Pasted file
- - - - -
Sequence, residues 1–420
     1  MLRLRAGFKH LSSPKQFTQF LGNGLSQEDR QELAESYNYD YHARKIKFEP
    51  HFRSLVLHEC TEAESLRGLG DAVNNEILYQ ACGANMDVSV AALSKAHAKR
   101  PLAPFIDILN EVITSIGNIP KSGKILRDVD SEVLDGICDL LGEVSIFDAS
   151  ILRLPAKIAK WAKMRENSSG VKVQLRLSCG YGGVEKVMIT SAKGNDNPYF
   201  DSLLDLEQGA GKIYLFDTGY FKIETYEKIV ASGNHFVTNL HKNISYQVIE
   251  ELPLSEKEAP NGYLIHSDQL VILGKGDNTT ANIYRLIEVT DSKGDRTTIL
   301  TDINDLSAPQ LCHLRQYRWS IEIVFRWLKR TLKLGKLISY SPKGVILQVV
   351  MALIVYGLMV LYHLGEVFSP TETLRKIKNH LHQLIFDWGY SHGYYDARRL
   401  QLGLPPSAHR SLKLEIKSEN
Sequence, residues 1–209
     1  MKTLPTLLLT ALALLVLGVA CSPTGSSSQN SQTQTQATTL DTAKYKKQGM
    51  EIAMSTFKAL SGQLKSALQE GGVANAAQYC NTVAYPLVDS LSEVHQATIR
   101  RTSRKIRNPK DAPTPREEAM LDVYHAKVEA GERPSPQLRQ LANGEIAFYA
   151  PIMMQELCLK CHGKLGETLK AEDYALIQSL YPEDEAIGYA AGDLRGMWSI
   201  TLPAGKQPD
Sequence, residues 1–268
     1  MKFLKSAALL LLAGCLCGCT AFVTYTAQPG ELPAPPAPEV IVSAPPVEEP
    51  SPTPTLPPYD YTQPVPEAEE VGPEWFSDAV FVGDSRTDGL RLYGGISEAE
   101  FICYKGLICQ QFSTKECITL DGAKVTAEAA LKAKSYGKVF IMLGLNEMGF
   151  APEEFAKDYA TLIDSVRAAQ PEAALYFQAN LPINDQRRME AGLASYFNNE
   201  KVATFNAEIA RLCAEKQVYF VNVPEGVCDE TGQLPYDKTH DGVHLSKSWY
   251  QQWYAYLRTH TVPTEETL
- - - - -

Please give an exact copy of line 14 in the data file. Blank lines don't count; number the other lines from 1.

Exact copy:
   101  RTSRKIRNPK DAPTPREEAM LDVYHAKVEA GERPSPQLRQ LANGEIAFYA